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Nuke 3 to stop supplying electricity for 10 days

TAIPEI, Taiwan -- Taiwan Power Co. (Taipower, 台電) said yesterday that following the Third Nuclear Power Plant Unit 2's annual examination began in March, the power plant's Unit 1 will undergo a 10-day construction today to strengthen its earthquake resistance structures, meaning that the power plant will stop supplying electricity for 10 days.

Noting that the firm undergoes examinations for the nuclear power plants annually to ensure the resistance to earthquake, Taipower said it has arranged annual examination for the First Nuclear Power Plant's Unit 2 at the end of April.

Taipower said that the annual examination of Unit 2 will complete around the end of June and Unit 1 will resume its duty on April 28. While the two units of the Third Nuclear Power Plant, colloquially known as Nuke 3, temporarily cease operations, the nation's electricity supply will not be affected as the firm has prepared electricity supplied by other power plants, Taipower said.

The state-owned company further explained that gas-fired power plants such as Talin, Hieh-ho and Tunghsiao power plants that locate in Southern Taiwan will supply electricity while Nuke 3 is not operational, adding that it would cost approximately NT$8.5 billion for the substitute power supply.

Minister of Economic Affairs Chang Chia-juch (張家祝) yesterday said if citizens do not want the Nuke 4 and are seeking for stable electricity supply at the same time, then the only option left is to extend the services of the existing nuclear power plants.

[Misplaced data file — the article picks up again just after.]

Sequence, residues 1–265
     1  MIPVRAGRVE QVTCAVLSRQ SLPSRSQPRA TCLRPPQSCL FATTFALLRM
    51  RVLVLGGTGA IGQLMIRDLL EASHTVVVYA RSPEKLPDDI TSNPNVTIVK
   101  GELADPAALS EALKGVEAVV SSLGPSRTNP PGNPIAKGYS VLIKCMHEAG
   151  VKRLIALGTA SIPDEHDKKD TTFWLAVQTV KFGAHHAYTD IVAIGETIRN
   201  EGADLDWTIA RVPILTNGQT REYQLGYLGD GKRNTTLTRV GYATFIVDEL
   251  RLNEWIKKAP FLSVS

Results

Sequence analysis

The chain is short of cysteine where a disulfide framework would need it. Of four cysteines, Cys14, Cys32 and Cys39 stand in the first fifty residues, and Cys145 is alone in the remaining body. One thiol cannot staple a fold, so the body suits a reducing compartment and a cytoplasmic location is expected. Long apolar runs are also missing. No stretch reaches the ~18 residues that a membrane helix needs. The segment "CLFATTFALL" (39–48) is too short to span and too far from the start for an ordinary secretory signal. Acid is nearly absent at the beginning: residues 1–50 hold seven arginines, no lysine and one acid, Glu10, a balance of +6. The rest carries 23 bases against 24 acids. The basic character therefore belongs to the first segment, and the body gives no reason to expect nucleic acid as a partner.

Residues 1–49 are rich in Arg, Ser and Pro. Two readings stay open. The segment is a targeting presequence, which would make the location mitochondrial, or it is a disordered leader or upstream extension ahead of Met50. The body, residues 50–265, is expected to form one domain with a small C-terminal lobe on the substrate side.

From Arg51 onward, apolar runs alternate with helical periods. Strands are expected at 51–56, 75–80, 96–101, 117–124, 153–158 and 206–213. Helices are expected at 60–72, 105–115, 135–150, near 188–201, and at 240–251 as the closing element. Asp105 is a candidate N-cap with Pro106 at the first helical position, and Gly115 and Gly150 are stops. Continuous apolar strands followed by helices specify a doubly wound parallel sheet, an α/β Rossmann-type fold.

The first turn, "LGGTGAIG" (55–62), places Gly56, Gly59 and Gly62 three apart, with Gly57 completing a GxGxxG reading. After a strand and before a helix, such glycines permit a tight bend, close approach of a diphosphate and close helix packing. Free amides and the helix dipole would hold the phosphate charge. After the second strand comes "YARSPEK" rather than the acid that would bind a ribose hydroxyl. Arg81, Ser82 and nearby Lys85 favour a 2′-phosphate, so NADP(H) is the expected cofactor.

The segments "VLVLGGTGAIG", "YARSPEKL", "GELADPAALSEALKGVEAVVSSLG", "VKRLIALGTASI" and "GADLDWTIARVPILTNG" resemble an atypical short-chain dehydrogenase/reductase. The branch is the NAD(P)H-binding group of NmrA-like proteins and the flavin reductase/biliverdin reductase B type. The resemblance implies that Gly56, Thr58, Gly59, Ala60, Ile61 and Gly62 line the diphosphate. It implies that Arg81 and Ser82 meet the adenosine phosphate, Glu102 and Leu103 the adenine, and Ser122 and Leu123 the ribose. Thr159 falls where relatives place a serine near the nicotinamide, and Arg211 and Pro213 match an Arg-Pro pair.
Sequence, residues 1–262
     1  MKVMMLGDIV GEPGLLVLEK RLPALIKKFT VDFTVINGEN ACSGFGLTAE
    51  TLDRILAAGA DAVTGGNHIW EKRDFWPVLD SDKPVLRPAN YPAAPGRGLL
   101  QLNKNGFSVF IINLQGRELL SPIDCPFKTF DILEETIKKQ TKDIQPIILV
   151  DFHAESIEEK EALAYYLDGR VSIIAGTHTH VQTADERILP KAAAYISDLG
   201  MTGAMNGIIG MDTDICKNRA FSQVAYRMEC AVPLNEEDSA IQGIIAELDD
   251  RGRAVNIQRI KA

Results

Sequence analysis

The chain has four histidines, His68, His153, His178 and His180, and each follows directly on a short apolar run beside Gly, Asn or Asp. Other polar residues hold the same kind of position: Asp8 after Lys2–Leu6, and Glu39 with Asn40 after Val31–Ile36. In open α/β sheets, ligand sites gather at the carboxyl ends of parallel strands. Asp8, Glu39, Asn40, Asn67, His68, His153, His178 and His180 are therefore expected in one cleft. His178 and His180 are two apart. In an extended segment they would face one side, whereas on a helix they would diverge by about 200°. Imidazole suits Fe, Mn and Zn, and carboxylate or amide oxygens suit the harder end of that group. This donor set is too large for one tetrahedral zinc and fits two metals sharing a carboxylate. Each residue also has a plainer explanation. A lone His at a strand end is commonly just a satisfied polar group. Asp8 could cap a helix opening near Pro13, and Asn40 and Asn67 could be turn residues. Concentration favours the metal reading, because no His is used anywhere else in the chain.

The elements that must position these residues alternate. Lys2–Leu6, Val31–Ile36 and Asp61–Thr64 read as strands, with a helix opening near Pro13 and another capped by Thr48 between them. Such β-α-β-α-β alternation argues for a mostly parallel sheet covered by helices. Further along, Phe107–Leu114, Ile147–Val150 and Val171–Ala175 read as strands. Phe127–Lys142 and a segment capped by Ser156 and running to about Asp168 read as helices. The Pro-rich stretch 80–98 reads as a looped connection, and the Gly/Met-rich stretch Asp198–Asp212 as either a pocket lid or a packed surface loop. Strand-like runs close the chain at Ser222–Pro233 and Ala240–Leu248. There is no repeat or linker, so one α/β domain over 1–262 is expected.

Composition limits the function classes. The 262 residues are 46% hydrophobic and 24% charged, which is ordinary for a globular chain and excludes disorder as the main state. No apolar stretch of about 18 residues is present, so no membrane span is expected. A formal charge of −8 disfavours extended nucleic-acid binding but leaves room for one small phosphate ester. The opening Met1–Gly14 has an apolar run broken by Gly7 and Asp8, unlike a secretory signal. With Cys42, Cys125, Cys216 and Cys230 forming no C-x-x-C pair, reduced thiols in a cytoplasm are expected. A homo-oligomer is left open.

Chang's remark came after Democratic Progressive Party (DPP) on Wednesday urged both ruling party and opposition parties to support and pass a special draft bill to be proposed by the DPP on a referendum concerning the Nuke 4.

Chang told reporters that if there are alternative energy resources to sufficiently supply the nation's power demand, then the Ministry of Economic Affairs (MOEA) will not have any issues to either terminate Nuke or abolish all nuclear power plants.

The minister went on to say that people could choose to protest against nuclear power plants, but the question remains that if people can live with a life of lack of electricity. He added that the national might face the problem of electricity shortages soon.

Chang said the government's policy is to gradually reduce the dependence on nuclear power plants, reiterating that to extend the services of existing power plants is the only option if people do not want Nuke 4 and wants stable electricity supply.

If people do not accept the option, then the nation will just have to face the problem of electricity shortages.

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Yilan Humanistic Education Foundation President Chen Hsi-nan (陳錫南), center, speaks during the joint press conference with DPP members from the New Taipei City Council. The conference sought to persuade New Taipei City Mayor Eric Chu (朱立倫) to stop the dry cask storage of Nuke 1, in hopes of preventing a nuclear disaster.

(CNA)

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